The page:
The data link and physical signaling layers of Figure 1, which are normally transparent to a system
    operator, are included in any controller that implements the CAN protocol such as the Texas Instruments
    TMS320F2812™ 3.3-V DSP with integrated CAN controller. Connection to the physical medium (the bus)
    is then implemented through a line transceiver such as TI’s SN65HVD233 3.3-V CAN transceiver to form
    a system node shown in Figure 6.


    Klaus


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    •   Alt20th December 2016, 13:02

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    Re: Physical layer for CAN protocol

    The only difference is the protocol, this is how you transmit data (Start signal, speed, data order, etc).
    No, there's another important difference, CAN uses dominant and recessive bit levels, the data of multiple transceivers is combined on the bus in a "wired or" manner to detect possible collisions. That's a reason why CAN can't use RS-232 or RS-484 interfaces.


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    Re: Physical layer for CAN protocol

    Thanks for the reply.
    One thing that is still not clear is : Do RS232 and RS485 have a communication protocol defined above the physical layer or are they just the physical layer definitions?
    For example if I decide to use RS485, will I have to couple the RS485 driver IC with a serial communication block such as SPI or UART etc. or is RS485 a complete set of communication protocol in itself?



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    Re: Physical layer for CAN protocol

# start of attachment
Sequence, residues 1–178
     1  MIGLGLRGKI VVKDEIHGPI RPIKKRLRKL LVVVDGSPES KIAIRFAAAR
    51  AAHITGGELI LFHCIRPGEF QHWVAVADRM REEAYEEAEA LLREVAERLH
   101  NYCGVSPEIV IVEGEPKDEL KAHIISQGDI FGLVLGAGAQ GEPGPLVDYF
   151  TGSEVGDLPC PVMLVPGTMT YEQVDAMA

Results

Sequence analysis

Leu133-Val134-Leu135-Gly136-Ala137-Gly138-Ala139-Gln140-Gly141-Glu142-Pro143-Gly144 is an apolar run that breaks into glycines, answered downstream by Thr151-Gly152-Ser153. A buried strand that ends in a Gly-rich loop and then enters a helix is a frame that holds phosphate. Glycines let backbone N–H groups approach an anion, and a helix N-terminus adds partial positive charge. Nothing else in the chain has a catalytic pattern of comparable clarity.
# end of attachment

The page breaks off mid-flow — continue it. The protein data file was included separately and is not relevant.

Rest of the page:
Hi,

    Afaik the physical layer never defines a protocol. It just defines the hardware and specifies the signal (levels, timing...).

    Klaus



    •   Alt20th December 2016, 15:02

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    Re: Physical layer for CAN protocol

    Actually RS-232, RS-485, CAN, are all the layers.

    Each one has their own hardware (which can be the same in some cases) and their voltage levels, timing, normalised speeds, etc. Also the order in which data is transfered.

    If you use a RS485 communication, you will have to generate the communication protocol (or "lenguage") with the MCU, and then to use a driver IC (or a discrete circuit if you want) to get the TTL/CMOS levels to a differential pair.

    You can "speak" any "lenguage" (protocol) using any phisical layer, but probably many ICs or slaves won't speak yours. So you will have to use a standard one, that's why protocols were created... can you imagine if you asked in this forum in english and I answered in french? Things would never get working...



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    Re: Physical layer for CAN protocol

    The CAN spec specifies the physical layer and also an addressing and arbitration scheme. Because of what it tries to accomplish in terms of a bidirectional multi-device bus with addressing and arbitration it generally specifies more than either the RS-232 or RS-485 standards.

    The CAN physical layer is differential like RS-485 with somewhat similar levels but, as said, is essentially open-drain in nature (which allows the arbitration and bidirectionality). CAN is a lot like a differential I2C though generally a bit more complicated and therefore more often used between microcontrollers.


    If you have a single battery controller I'd consider RS-232 or RS-485 as the simplest solution. If you might have multiple batteries then CAN may be the way to go.

    Note that it's easy to bridge between different physical layers to suite your needs however. Unidirectional busses like RS-485/RS-232 can be bridged to almost anything easily, for example to LVDS for a lower voltage, lower power solution.